Investing.com - The dollar edged slightly higher against the yen on Friday after data showing that May marked the fourth month of jobs growth in the U.S. indicated that the economic recovery is on track.
The Department of Labor reported that the U.S. economy added 217,000 jobs last month, just under expectations for jobs growth of 218,000, while April''s figure was revised to 282,000.
The U.S. unemployment rate remained unchanged at a five-and-a-half year low of 6.3%.
USD/JPY was at 102.47 late Friday, recovering from session lows of 102.12 struck immediately after the jobs data was released.
The pair is likely to find support at 102.00 and resistance at 102.78, last Wednesday’s high.
Elsewhere Friday, EUR/JPY was almost unchanged at 139.87 at the close of trade, recovering from the lows of 138.66 struck in the previous session. For the week, the pair was 0.42% higher.
The euro remained supported even after the European Central Bank unveiled a package of measures to avert the threat of persistently low inflation in the euro area on Thursday.
The ECB cut the main refinancing rate in the euro area to a record low 0.15% and imposed negative deposit rates on commercial lenders, in a bid to stimulate lending to businesses.
The bank also implemented a new Long-Term Refinancing Operation, designed to help banks lend to small companies and said it would "intensify" its preparatory work on the ''asset-backed security'' market.
The ECB acted after a report showed that the annual rate of inflation in the euro zone slowed to 0.5% in May, far below the ECB’s target of close to but just under 2%.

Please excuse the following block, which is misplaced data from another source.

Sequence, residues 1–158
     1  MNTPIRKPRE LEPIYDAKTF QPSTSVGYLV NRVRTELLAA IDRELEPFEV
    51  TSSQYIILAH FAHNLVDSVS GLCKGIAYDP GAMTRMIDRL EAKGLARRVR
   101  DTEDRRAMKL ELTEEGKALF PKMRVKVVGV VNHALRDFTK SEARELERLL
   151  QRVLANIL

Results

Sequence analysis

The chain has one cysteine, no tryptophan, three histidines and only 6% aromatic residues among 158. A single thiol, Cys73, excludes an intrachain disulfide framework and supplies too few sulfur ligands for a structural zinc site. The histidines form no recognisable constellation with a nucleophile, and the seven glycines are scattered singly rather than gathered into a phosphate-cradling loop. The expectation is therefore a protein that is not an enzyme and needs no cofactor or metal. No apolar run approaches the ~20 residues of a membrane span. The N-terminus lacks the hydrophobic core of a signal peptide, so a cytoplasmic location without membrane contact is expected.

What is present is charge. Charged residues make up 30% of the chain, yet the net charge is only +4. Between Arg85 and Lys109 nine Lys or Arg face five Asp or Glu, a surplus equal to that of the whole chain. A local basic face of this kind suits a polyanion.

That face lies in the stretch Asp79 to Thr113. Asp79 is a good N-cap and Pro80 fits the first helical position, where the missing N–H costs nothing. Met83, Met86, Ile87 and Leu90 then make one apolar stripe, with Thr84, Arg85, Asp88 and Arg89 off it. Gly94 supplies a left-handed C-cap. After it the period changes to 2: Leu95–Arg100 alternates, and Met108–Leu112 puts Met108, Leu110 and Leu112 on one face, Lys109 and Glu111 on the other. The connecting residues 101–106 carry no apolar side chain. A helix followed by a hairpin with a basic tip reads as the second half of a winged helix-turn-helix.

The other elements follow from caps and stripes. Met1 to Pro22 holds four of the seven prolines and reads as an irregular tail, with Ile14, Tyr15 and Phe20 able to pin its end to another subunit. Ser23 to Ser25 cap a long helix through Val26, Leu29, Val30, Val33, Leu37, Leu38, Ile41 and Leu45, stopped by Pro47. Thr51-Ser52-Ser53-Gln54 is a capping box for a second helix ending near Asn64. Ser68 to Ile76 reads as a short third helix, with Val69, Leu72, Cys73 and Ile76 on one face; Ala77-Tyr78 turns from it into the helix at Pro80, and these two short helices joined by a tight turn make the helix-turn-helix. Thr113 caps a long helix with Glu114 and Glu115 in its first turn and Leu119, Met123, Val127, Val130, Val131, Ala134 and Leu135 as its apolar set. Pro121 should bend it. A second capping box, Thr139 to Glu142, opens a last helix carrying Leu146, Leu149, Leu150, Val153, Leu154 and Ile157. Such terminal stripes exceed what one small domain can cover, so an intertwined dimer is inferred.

In the week ahead, investors will be looking ahead to Thursday’s U.S. retail sales report for further indications on the strength of the recovery. Revised data on Japanese first quarter growth and the outcome of a monetary policy meeting by the Bank of Japan will also be closely watched.
Ahead of the coming week, Investing.com has compiled a list of these and other significant events likely to affect the markets.
Monday, June 9
Japan is to release revised data on first quarter growth, as well as reports on the current account and bank lending.
Tuesday, June 10
Japan is to release data on tertiary industry activity.
Wednesday, June 11
Japan is to publish the latest reading of its BSI manufacturing index.
Thursday, June 12
Japan is to produce data on core machinery orders.
The U.S. is to release the weekly report on initial jobless claims, in addition to data on retail sales and import prices.
Friday, June 13
The BoJ is to announce its benchmark interest rate and publish its monetary policy statement, which outlines economic conditions and the factors affecting the bank’s decision. The announcement is to be followed by a press conference.
The U.S. is to round up the week with data on producer price inflation and preliminary data on consumer sentiment from the University of Michigan.
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